5 Ways Covid-19 Impacted Creative Agencies, and Which Habits Are Likely to Stick

For many, the changes of recent months were a long time coming

During our shared human experience, there are certain moments we'll never forget … events that change our paths and the way we collectively move forward. I remember quite clearly the week in early March when Covid-19 effectively locked down the United States. My business partner Lee Hunt had come to Colorado to begin product development on our CMOmarketplace concept, and longtime ally Elaine Cantwell was expected to fly out to work with us on the portal's first Showroom uploading.

With news and speculation around this "coronavirus" a little daunting, we considered it very carefully before she went ahead and made the trip that Thursday, and by Sunday, things had escalated, with travel a major uncertainty. Luckily for all of us, Lee and Elaine were able to get out of Colorado and make it back to New York and California, respectively, not realizing then just how much the world would change so quickly.

The irony is that the project we had come together to work on—a concept formed long before Covid-19—would end up being a solution for the physical distance the pandemic forced on our industry when it halted the sales trips, meetings and overall courtship between creative agencies and their media company clients. 

Since that pivotal week earlier this year, the pandemic has actually impacted creative agencies in several ways, forcing some changes that are likely to become long-term habits and others perhaps temporary, but all of it helping to shape the future of our business. From my vantage working closely with a number of agencies across all sizes and specialties, these are the most important takeaways:

The pandemic has merely amplified issues with which creative agencies were already struggling.

Like anything, businesses that were on the bubble before Covid-19 have taken the biggest hit. The pandemic just expedited what may have been in the cards for them eventually, forcing a needed refocus or restructure to keep going successfully. Those agencies most able to adapt quickly to working from home or run a little lean and mean have obviously fared better. Those with rigid structures and/or major overhead, not so much. Perhaps the most heartbreaking example I've encountered is an agency owner locked into a seven-year NYC lease at a whopping $22,000 a month and fearing lawsuits.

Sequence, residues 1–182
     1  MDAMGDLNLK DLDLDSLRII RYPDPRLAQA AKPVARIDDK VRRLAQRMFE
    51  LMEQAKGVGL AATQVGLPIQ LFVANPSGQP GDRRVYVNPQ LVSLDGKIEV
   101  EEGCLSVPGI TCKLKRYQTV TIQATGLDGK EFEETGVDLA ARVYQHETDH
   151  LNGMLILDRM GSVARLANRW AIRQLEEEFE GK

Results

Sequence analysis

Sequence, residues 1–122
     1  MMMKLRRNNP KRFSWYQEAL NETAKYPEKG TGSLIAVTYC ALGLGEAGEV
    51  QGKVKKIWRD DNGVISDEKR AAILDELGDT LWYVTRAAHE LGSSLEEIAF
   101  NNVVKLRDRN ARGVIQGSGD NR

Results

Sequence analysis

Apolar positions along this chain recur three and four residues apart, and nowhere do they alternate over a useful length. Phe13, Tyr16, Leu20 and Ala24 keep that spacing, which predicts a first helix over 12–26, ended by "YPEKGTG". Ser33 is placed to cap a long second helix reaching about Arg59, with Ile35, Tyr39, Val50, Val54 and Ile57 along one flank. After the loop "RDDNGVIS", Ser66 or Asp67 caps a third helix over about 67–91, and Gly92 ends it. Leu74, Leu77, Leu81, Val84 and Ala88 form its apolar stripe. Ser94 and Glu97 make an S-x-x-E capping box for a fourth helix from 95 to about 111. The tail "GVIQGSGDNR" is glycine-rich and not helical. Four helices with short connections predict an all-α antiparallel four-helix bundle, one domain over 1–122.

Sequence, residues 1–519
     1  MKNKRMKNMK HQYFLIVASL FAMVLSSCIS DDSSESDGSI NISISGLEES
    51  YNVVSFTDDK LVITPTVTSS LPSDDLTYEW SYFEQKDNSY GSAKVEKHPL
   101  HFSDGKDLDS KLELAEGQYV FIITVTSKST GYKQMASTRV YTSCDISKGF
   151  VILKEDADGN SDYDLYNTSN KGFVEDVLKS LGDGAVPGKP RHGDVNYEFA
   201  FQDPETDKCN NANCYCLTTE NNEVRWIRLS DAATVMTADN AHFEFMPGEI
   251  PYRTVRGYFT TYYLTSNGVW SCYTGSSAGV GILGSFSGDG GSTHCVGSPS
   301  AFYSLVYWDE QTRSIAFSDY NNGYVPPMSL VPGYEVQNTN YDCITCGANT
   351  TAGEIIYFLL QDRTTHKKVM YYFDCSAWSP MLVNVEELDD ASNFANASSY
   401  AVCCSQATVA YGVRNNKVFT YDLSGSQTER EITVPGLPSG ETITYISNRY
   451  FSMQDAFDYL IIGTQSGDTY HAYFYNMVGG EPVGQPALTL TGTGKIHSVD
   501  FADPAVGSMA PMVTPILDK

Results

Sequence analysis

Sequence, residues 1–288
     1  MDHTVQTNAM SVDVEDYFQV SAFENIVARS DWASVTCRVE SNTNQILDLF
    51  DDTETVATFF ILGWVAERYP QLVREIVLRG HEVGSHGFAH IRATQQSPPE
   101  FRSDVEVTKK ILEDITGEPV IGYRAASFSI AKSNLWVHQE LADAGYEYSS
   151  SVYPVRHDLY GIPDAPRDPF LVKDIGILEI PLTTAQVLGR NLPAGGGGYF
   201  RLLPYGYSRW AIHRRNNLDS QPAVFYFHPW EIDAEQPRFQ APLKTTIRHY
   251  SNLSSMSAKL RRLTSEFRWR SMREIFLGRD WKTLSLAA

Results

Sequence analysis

Business development has shifted from aggressive outreach to a "be seen when needed" approach.

Beyond the obvious canceling of in-person sales trips for the foreseeable future, there's also been a pullback on the digital "wooing" process between creative agency and prospective client. Agency biz dev reps tell me they don't feel comfortable adding to the stress of media companies dealing with their own Covid reshuffling, so they've stopped actively outreaching. Instead, they're either relying on the tried-and-true relationships they already have or trying to find new ways to be visible 24/7 and responsive when needed.

In my opinion, this part of the business has needed improving for years, which is why we had started CMOmarketplace. Clients are always too busy, needs increasingly specific, choices overwhelming. Covid simply spotlighted a problem and forced its solution.

Live-action shoots have regrouped in imaginative ways.

Recognizing that we're months, if not years, away from a widely distributed vaccine, creative agencies have had to completely revamp the way they take on live-action shoots, with several creating socially distanced sets and Zoom-hosted video villages. Two, however, take the cake for ingenuity. Black Label Content returned to production with a science-based Covid compliance protocol they've called Let's Practice Safe Sets, while Wavemaker Creative invented a remote, plug-and-play solution billed as Crew in a Box, which brings on-air talent a professional-grade production unit controlled completely by world-class filmmakers.

Creative, solution-based design approaches are winning.

As far as actual design quality and inspiration go, I don't think that's changing all that much. Good work and clear communication always rule. What has changed are the ways we're now using design to overcome new challenges. Take sports, for example, where professional teams are playing in empty, visually barren arenas. To give its broadcasts a unique, television-friendly feel without using cardboard seat fillers, the NHL recently tapped motion design agency Undefined Creative to produce 1,000+ graphics for an impressive array of LED screens, monitors and stages around the ice.

The world is being flattened (and not in the flat-Earthers kind of way).

Physical location is no longer a qualifier for jobs. Again, I think Covid has just accelerated things that needed to be changed at some point anyway. Rarely do people go to post houses like they used to and sit in an edit suite. The days of big facilities with a lot of client services had gotten a bit tired anyway. Once we were forced to see how so much work could be done from home and became comfortable with Zoom, the idea of being location agnostic became more of a reality. Creatives have found that a lot can actually get done without the commute and locked-in schedule. As someone who has worked from home myself for 20 years, I love seeing others discover this and hearing their stories about how they make it work.

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Lori Pate
Lori Pate is partner at CMOmarketplace.

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